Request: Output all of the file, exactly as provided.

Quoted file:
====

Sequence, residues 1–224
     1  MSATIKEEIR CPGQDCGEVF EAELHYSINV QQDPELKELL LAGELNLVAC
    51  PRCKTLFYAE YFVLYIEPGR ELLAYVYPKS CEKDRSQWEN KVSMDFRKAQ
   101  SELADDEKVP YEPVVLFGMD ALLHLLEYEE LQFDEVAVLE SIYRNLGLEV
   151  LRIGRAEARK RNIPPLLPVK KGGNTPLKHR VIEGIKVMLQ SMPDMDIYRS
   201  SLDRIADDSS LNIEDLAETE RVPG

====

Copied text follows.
Sequence, residues 1–224
     1  MSATIKEEIR CPGQDCGEVF EAELHYSINV QQDPELKELL LAGELNLVAC
    51  PRCKTLFYAE YFVLYIEPGR ELLAYVYPKS CEKDRSQWEN KVSMDFRKAQ
   101  SELADDEKVP YEPVVLFGMD ALLHLLEYEE LQFDEVAVLE SIYRNLGLEV
   151  LRIGRAEARK RNIPPLLPVK KGGNTPLKHR VIEGIKVMLQ SMPDMDIYRS
   201  SLDRIADDSS LNIEDLAETE RVPG